Effect of Acetaminophen Sulfate on the Growth of Neurite in PC 12 Cells under Various Concentrations (Lab Report Sample)
We experimented on the effect of acetaminophen sulfate on neurite outgrowth assay in PC 12 cells under various concentrations. ). Laminin should be a big factor in the essay and the PC12 cells on how it changed our cells overall. The actual results and pictures will be sent very soon but the main aspect is writing the intro, materials and discussion. Spend alot of time talking about acetaminophen sulfate as well as thats a big factor in the essay, also laminin and PC 12 cells.source..
Effect of Acetaminophen Sulfate on the Growth of Neurite in PC 12 Cells under Various Concentrations
Background: Neurite outgrowth is the process by which the nerve cells undergo a development process to produce new projects in neuron cells which can result in increased activities of the neurons in the brain. Acetaminophen sulfate is an inactive metabolite of acetaminophen (paracetamol), a low therapeutic drug which is widely used to control pain and reduce fever.
Materials and Methods: The experiment presumes that different concentrations of acetaminophen sulfate can influence the neurite outgrowth in PC 12 cells lines derived from the HYPERLINK "https://en.wikipedia.org/wiki/Pheochromocytoma" \o "Pheochromocytoma" Pheochromocytoma in the medulla of a rat. Different concentrations of acetaminophen sulfate were mixed with NGF-induced PC12 cells to test whether or not acetaminophen sulfate would affect neurites outgrowth. The test also analyzed the rate of the neurite outgrowth among the different concentration of acetaminophen sulfate.
Results: With acetaminophen sulfate treatment at varying concentrations, there was no effect on the growth of neurites on the NGF primed PC12 cells.
Conclusion: The results are similar to previous observations from in-vitro studies which concluded that acetaminophen sulfate does not affect neurite outgrowth in PC12 cells.
Neurons are the basic functional units of the nervous system that receive and communicate information in the brain by transmitting electrical impulses (signals) from one part of the brain to another, the sensory organs to the spinal cord and from the spinal cord to the receptor organs. There are over 100 billion nerve cells in the brain which communicate with each other in an organized manner to form a neuron network (Byrne np). A single neuron is made up of three parts, the dendrite, the axon and the cell body. The dendrites receive input information from sensory organs and other neurons. The cell body interprets the information and sends an output signal through the axon to the effector organs and other neurons (Cherry np). Electrical impulses from the axon stimulate the release of specialized chemical signals called neurotransmitters such as the endorphins, epinephrine, and acetylcholine. These neurotransmitters affect several physiological functions such metabolism, learning, sleep, appetite and movement.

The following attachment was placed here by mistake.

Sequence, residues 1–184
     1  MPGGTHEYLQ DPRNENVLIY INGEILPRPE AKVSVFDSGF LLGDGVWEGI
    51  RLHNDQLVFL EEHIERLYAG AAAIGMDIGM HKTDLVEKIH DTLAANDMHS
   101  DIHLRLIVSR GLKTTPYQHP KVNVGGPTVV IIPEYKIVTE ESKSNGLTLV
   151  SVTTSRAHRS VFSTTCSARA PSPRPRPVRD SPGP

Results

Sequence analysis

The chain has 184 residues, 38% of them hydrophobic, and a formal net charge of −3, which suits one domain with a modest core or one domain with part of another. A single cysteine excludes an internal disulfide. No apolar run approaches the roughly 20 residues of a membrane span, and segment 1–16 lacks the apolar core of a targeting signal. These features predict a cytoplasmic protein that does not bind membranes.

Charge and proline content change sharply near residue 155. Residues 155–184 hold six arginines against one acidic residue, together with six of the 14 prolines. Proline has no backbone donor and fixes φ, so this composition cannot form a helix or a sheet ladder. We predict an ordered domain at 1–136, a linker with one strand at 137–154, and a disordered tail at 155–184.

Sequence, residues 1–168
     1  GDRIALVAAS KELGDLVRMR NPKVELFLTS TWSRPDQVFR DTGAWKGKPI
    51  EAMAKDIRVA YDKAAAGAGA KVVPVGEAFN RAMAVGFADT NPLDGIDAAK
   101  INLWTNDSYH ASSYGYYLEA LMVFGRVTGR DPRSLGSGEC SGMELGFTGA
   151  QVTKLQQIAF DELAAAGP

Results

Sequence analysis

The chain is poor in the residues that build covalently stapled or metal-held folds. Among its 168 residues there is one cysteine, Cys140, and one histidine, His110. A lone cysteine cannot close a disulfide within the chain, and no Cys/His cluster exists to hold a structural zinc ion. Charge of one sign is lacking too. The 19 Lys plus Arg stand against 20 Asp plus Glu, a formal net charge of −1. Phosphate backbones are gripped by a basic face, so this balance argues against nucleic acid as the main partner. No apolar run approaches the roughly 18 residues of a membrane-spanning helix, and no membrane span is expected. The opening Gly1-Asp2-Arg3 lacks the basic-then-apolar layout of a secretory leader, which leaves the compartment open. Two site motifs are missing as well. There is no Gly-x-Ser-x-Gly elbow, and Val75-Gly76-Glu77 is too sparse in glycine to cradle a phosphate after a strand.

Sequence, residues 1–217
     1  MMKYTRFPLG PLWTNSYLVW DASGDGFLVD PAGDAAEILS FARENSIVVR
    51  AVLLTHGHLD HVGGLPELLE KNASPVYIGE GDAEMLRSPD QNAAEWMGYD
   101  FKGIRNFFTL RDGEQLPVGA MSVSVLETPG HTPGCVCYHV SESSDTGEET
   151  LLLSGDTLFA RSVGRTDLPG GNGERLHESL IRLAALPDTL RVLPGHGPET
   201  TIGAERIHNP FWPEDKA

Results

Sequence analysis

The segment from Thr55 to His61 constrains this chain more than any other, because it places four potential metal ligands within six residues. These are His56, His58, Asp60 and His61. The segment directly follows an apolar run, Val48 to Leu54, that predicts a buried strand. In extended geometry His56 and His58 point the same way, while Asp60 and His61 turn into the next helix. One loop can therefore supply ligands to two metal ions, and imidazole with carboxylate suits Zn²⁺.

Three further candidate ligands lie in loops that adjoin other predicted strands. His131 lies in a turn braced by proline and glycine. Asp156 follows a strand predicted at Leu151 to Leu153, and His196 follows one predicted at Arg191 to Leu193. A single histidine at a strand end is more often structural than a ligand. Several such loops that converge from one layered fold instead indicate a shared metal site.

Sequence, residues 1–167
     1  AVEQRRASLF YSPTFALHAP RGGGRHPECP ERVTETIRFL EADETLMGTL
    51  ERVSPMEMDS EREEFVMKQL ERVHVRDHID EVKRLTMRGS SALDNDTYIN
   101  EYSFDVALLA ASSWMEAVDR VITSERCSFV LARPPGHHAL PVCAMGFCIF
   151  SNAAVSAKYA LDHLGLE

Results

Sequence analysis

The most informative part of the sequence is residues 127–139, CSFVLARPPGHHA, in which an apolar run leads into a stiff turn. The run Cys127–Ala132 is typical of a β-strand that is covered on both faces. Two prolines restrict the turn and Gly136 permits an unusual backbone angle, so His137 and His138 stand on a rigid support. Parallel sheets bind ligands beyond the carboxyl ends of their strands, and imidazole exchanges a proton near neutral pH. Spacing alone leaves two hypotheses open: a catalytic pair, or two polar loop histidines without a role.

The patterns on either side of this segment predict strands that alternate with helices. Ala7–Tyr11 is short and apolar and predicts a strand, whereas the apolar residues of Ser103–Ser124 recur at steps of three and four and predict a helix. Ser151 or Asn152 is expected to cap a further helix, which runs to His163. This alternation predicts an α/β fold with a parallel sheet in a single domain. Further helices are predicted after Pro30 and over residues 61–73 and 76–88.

Neurons can undergo a development process known as neurite outgrowth to produce new projections which can mature into dendrites or axons. The development of the neurites increases the neuron network and the activities of the nervous system in the brain. The inhibition of the neurite outgrowth can result in impaired cognitive functions (Meldoles np). The neurite outgrowth can be stimulated by several factors such as nerve growth factors and neurotrophins. Medications and pharmacological ingredients can also affect neurite outgrowth. Understanding the physiology and mechanism of neurite outgrowth can help to shed more light on the biology of some neurodegenerative diseases. Scientists apply several special techniques to grow neuron cells using specialized cell lines such the PC12 cells, stimulate neurite growth using neurogenic compounds and monitor the behavior of the growing neurites (Millecamps & Jean-Pierre np).